Katherine Alvarado, 20, a Bronx native and a junior at Franciscan University of Steubenville (Ohio), says the explanations offered regarding Theology of the Body were particularly helpful. “Not only do the speakers simplify it, but they use life examples and make it attractive to us as single Catholics,” she says.
Also helpful was the generally relaxed atmosphere of the event. A sunny afternoon provided a cheerful setting for the Thrive picnic in Central Park, and while some scanned the crowd for that certain someone, most seemed content to sip a soda and chat with new friends. Participants dug into the rows of sandwiches and giant bowls of pasta and potato salad, served family style, which perhaps echoed Sloan’s hope for the event.
He says many singles long for a sense of a family, and he wants Catholic Thrive to address that need, at least in part. “We want to create as many of the elements of family life as we can: a party, prayer, social and fellowship time, games, good books and movies, and music. We want it to be a celebration, like a family reunion.” And while Sloan can’t play matchmaker, he hopes the conferences will help people make connections — romantic or not — that will ease loneliness and build community.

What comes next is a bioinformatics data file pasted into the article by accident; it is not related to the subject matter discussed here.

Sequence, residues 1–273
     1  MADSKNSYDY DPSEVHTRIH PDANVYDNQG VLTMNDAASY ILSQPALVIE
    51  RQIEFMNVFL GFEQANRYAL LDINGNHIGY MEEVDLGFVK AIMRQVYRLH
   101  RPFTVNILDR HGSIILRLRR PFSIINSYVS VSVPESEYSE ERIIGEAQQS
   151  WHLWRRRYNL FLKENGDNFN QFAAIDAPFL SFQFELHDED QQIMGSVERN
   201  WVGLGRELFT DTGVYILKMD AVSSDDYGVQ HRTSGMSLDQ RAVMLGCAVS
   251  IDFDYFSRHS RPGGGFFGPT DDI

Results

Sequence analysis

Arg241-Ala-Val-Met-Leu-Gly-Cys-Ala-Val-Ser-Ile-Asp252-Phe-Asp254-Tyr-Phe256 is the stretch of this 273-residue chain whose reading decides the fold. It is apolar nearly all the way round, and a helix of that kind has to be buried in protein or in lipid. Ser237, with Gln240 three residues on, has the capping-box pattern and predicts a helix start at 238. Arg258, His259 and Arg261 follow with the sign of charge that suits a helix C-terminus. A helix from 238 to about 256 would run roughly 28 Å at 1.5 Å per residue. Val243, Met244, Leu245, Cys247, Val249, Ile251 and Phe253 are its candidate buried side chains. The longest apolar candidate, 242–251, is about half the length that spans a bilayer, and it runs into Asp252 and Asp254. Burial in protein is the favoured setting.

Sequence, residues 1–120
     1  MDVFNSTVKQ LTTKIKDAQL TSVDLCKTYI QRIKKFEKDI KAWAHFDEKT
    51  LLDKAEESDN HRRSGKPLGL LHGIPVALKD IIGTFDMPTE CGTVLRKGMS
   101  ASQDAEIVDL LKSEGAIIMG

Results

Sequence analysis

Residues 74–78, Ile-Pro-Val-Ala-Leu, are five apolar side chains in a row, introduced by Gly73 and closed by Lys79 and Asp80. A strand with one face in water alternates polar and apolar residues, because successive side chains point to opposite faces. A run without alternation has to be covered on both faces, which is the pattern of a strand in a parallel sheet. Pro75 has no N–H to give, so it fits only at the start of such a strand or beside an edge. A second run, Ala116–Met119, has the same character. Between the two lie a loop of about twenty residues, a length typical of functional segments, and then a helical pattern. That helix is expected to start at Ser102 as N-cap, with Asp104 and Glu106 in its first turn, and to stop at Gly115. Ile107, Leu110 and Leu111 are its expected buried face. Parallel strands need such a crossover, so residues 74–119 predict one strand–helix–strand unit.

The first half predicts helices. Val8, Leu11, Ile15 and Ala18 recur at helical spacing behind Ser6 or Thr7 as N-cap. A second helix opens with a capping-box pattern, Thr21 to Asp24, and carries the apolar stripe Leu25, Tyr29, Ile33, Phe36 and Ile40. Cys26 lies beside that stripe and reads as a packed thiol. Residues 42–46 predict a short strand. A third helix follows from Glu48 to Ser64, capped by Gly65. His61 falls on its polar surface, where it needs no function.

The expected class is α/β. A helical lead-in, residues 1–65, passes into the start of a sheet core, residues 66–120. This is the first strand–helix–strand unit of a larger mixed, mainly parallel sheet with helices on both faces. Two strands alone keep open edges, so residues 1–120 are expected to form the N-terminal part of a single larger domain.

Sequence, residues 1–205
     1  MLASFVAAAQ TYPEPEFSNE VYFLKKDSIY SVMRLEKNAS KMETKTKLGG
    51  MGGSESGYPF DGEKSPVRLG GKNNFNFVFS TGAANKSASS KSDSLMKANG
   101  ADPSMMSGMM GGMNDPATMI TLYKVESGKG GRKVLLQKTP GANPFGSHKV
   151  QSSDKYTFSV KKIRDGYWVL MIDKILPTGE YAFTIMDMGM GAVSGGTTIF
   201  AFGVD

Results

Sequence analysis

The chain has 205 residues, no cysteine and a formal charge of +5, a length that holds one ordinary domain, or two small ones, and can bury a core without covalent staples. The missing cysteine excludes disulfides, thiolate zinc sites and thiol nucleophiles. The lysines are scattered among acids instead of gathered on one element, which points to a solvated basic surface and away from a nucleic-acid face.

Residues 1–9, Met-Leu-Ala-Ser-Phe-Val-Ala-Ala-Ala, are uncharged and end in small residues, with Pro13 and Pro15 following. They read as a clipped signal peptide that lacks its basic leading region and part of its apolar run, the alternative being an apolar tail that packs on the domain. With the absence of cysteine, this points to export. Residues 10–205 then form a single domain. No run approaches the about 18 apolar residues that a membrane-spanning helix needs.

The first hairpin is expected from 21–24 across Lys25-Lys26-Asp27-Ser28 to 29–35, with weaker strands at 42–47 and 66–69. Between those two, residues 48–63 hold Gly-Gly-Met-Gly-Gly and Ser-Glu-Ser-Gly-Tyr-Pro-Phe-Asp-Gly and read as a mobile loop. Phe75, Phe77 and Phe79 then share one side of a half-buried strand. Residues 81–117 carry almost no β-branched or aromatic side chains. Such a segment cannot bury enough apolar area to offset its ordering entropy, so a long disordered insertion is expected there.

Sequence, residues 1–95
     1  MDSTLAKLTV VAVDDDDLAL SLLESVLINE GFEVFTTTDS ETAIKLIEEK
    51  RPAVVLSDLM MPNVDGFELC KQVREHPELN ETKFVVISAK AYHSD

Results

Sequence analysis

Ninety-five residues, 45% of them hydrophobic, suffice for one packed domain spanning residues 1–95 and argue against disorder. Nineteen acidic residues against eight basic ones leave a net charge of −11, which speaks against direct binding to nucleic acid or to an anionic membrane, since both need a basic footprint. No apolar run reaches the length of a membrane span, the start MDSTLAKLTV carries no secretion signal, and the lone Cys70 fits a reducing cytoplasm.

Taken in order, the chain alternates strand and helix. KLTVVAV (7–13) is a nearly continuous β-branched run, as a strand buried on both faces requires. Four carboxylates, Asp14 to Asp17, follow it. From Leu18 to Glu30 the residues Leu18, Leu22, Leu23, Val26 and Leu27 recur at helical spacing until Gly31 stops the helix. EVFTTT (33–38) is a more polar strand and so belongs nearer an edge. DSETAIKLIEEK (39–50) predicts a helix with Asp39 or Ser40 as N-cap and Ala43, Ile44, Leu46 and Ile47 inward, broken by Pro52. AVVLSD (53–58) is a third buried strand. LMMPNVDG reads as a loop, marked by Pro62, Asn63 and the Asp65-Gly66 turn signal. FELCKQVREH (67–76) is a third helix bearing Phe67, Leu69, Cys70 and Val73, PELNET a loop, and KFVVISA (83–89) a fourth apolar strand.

Julian Kollias, 28, lives in Brooklyn and says he knows all too well the experience of feeling alone in New York City. “It’s frustrating,” says Kollias. “I’m at that stage where you come home and there’s no one to welcome you. It’s not that I’m desperate, but it hurts. And I think a lot of people feel that deep-rooted pain. I see it as a burden. I don’t have much family and I live on my own and it’s hard.”